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Talk Like TED
Because simple is better than complex.
Preachers are notorious for making the simple complex. Let’s reverse the narrative.
Preachers can learn a lot about making the complex simple by learning how to talk like TED. More on him in a second.
We can summarize our points this way:
First, simple is better than complex.
Second, less is often more.
Third, focused defeats scattered every time.
These may sound like no-brainer communication principles.
But how many of our sermons are complex, longer than necessary, and scattered?
Truth hurts. I know. 🙂
These three principles are at the heart of why the TED Talks are wildly popular, receiving not thousands but millions of views.
According to duarte.com,
A TED Talk is (at max) 18 minutes long—a length chosen by TED organizers based both on neuroscience and strategy. They understood that 18 minutes was long enough for a speaker to flesh out an idea, but short enough that a listener could take in, digest, and understand all of the important information.
TED curator Chris Anderson explains:
“The 18-minute length works much like the way Twitter forces people to be disciplined in what they write. By forcing speakers who are used to going on for 45 minutes to bring it down to 18, you get them to really think about what they want to say. What is the key point they want to communicate? It has a clarifying effect. It brings discipline.”
And that’s what we want. Clarity.
But let’s be clear, a sermon is not a TED Talk. We are not merely presenting information.
However, the principles apply.
Simple is better than complex for the basic reason that simple leads to understanding while complex breeds confusion.
Granted, there is a time when complexity is necessary.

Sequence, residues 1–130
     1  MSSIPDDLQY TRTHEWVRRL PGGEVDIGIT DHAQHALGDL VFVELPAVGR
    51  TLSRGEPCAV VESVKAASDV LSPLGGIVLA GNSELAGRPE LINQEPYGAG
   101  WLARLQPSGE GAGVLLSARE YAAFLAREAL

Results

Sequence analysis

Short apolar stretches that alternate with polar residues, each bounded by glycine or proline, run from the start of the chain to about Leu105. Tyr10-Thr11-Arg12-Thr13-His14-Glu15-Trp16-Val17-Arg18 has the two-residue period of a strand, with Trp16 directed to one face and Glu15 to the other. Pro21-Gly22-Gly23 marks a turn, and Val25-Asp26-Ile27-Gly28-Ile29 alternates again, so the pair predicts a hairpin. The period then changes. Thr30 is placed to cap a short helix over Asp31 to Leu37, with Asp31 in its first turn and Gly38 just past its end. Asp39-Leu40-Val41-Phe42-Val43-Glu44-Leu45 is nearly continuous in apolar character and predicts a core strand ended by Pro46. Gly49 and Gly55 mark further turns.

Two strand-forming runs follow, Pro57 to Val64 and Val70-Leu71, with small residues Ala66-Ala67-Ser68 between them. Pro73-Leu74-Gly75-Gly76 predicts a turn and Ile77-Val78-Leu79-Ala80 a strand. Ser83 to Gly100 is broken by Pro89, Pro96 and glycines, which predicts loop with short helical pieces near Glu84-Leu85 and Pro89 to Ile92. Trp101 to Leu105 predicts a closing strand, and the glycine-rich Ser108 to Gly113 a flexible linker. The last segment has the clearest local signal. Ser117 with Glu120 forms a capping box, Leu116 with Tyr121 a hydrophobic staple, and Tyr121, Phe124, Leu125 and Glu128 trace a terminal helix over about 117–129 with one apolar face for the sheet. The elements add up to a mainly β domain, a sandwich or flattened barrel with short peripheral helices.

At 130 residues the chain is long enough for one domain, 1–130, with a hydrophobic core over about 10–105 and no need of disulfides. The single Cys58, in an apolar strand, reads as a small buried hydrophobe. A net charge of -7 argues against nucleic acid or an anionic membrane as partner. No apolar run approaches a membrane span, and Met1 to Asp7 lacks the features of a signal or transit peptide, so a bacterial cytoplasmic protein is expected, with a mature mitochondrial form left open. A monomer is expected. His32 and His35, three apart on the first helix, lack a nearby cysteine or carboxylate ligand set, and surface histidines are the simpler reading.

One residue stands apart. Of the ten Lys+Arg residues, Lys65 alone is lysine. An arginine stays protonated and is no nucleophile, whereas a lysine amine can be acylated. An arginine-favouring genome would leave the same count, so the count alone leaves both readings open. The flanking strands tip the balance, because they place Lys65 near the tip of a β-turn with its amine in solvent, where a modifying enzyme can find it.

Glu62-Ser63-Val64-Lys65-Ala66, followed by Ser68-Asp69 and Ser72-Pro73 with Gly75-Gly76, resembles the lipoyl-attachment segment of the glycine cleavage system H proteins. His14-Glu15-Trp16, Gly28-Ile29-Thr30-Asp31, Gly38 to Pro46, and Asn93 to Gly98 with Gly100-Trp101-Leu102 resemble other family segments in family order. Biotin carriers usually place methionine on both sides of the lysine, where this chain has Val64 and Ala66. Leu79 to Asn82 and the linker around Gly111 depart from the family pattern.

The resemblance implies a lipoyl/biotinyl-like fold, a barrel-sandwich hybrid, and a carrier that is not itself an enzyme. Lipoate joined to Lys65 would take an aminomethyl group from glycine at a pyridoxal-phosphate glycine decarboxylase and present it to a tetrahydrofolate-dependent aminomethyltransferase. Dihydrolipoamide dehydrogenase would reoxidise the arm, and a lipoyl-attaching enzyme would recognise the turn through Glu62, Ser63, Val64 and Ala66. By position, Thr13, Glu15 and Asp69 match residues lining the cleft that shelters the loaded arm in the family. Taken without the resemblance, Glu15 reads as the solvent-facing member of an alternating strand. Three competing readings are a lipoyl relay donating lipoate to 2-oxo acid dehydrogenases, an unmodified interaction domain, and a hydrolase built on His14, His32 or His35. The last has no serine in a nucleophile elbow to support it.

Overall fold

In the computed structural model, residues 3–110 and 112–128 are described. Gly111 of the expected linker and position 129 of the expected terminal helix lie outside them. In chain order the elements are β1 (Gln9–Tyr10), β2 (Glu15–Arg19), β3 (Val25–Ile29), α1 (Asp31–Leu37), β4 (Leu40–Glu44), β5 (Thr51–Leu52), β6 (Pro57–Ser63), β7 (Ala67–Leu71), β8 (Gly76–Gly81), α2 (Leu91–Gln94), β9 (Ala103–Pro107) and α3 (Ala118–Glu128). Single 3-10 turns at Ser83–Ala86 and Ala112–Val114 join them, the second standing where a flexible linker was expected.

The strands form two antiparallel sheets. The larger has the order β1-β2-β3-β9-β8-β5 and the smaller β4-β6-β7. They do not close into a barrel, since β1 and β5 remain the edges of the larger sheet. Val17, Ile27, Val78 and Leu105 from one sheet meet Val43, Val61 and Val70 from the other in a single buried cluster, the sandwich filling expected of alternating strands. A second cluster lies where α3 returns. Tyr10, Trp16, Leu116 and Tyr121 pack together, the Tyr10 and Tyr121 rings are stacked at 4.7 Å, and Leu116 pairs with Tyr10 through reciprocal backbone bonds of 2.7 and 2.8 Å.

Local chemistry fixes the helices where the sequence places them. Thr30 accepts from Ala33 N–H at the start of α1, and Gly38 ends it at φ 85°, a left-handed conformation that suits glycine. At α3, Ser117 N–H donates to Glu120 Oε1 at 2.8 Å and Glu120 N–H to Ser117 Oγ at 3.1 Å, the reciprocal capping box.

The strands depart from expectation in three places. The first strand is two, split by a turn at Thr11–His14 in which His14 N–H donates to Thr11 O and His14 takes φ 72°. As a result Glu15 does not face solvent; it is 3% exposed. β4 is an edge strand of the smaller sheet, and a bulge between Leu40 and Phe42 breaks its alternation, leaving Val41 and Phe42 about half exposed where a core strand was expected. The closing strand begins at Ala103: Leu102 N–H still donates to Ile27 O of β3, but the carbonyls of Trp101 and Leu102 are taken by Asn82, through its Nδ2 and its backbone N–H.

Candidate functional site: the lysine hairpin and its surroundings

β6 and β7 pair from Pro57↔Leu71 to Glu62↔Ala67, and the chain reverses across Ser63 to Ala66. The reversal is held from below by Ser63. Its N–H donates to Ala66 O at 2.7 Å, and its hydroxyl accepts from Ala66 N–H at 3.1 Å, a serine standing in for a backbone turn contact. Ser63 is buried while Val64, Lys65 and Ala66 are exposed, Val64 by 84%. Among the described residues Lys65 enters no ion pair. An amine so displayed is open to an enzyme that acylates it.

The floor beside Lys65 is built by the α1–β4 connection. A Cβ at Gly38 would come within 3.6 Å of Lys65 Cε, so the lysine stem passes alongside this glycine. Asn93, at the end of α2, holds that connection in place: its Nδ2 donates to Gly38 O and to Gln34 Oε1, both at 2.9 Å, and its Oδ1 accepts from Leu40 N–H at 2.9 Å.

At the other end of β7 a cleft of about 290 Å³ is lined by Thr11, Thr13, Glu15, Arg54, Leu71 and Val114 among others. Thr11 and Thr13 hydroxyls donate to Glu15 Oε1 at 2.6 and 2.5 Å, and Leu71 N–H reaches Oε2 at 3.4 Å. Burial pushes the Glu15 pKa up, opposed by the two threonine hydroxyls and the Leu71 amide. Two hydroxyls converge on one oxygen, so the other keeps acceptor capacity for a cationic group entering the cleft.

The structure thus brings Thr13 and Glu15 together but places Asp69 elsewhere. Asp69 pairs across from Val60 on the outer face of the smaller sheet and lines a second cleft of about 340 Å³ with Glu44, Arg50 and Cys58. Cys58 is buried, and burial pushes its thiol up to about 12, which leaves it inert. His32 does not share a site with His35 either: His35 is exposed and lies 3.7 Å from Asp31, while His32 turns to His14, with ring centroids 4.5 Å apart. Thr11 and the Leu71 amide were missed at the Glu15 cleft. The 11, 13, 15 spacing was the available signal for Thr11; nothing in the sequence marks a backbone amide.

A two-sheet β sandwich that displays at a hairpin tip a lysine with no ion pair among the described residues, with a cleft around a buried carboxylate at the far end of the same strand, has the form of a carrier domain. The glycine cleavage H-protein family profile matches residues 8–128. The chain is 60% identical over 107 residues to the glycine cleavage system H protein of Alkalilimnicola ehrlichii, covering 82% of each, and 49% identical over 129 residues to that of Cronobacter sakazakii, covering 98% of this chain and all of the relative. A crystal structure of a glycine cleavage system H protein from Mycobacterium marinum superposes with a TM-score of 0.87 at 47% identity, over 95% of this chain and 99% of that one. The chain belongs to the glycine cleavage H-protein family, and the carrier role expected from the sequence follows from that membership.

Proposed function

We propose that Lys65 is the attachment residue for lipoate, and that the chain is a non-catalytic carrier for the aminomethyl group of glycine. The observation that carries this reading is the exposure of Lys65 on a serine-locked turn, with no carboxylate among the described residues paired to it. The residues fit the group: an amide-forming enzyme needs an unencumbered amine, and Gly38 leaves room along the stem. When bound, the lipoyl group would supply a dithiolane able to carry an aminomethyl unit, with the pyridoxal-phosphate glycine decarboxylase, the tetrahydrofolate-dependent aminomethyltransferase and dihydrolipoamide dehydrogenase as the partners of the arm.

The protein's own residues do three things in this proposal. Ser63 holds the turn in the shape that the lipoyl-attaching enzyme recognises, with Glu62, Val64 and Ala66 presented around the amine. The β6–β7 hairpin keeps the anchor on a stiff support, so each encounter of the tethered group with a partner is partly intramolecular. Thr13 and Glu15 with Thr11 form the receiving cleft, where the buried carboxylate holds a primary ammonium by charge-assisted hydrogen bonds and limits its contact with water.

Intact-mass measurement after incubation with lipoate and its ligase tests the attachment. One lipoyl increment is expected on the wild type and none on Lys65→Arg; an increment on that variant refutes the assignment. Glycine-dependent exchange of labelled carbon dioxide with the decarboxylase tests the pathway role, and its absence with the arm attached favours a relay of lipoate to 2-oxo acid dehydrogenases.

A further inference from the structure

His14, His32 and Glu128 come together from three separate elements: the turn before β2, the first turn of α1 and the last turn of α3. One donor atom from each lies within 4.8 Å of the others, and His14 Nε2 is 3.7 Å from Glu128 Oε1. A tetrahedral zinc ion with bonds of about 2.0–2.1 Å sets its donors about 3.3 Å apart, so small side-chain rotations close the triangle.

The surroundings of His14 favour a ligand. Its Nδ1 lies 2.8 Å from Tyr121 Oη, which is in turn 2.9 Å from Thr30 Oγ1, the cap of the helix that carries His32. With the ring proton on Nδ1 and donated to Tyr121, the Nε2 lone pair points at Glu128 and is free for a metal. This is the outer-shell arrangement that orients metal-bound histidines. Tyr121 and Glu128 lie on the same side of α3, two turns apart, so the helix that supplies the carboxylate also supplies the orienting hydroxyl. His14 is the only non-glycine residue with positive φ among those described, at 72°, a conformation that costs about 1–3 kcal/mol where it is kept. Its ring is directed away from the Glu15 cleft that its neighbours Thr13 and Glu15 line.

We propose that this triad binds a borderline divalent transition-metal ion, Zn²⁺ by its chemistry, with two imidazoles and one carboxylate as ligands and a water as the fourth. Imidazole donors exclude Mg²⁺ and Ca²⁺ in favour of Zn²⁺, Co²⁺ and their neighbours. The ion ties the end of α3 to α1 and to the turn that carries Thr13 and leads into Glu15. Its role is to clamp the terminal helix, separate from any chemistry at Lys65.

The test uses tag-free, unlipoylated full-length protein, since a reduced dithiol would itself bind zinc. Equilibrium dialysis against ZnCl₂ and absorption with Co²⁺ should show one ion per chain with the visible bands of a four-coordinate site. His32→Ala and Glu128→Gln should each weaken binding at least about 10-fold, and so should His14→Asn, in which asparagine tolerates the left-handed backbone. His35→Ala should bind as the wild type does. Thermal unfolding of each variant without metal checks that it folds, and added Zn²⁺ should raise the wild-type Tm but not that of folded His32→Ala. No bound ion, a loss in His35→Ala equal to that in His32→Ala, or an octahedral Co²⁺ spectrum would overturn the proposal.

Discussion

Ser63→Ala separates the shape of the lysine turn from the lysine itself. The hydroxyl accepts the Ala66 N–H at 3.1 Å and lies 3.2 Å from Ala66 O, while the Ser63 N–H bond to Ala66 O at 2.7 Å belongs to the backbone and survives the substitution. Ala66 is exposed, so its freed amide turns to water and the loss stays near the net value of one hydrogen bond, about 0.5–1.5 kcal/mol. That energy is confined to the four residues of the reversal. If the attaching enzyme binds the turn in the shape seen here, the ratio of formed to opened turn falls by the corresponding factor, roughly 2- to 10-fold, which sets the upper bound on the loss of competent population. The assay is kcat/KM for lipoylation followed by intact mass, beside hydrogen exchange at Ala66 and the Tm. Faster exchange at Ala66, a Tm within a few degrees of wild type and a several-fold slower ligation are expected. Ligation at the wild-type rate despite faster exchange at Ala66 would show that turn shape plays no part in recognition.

However, it is the preacher's job to make the complex as simple to grasp as possible rather than turn the simple into something confusing.
Also, less can be more, especially when it forces the speaker to choose specific words in advance over any words that come to mind in the moment.
Neuroscience hinting that shorter speeches (think sermons) may lead to greater retention than longer ones, is something to consider as well.
As a personal anecdote, the positive feedback on my own sermons increased dramatically when I shortened my preaching window from forty minutes to twenty-five.
Of course, I’m setting myself up with that, knowing that a preference for shorter sermons could be due to my ineffective preaching in the first place! 😅
Nevertheless, these principles of communication influence the focus of a message.
Just like a rifle is inherently more powerful than a shotgun, a focused sermon is (on paper) more powerful than one that runs through the woods chasing rabbits.
I say “on paper” because we know the Spirit is able to use the most poorly prepared sermon to do a powerful work in the heart.
But as a practice, I think we’d do well to consider simple vs complex, less vs more, and focused vs scattered.
The PPGR Preaching System is designed to align all of these areas of communication into a clear method of sermon prep that not only saves time but increases clarity.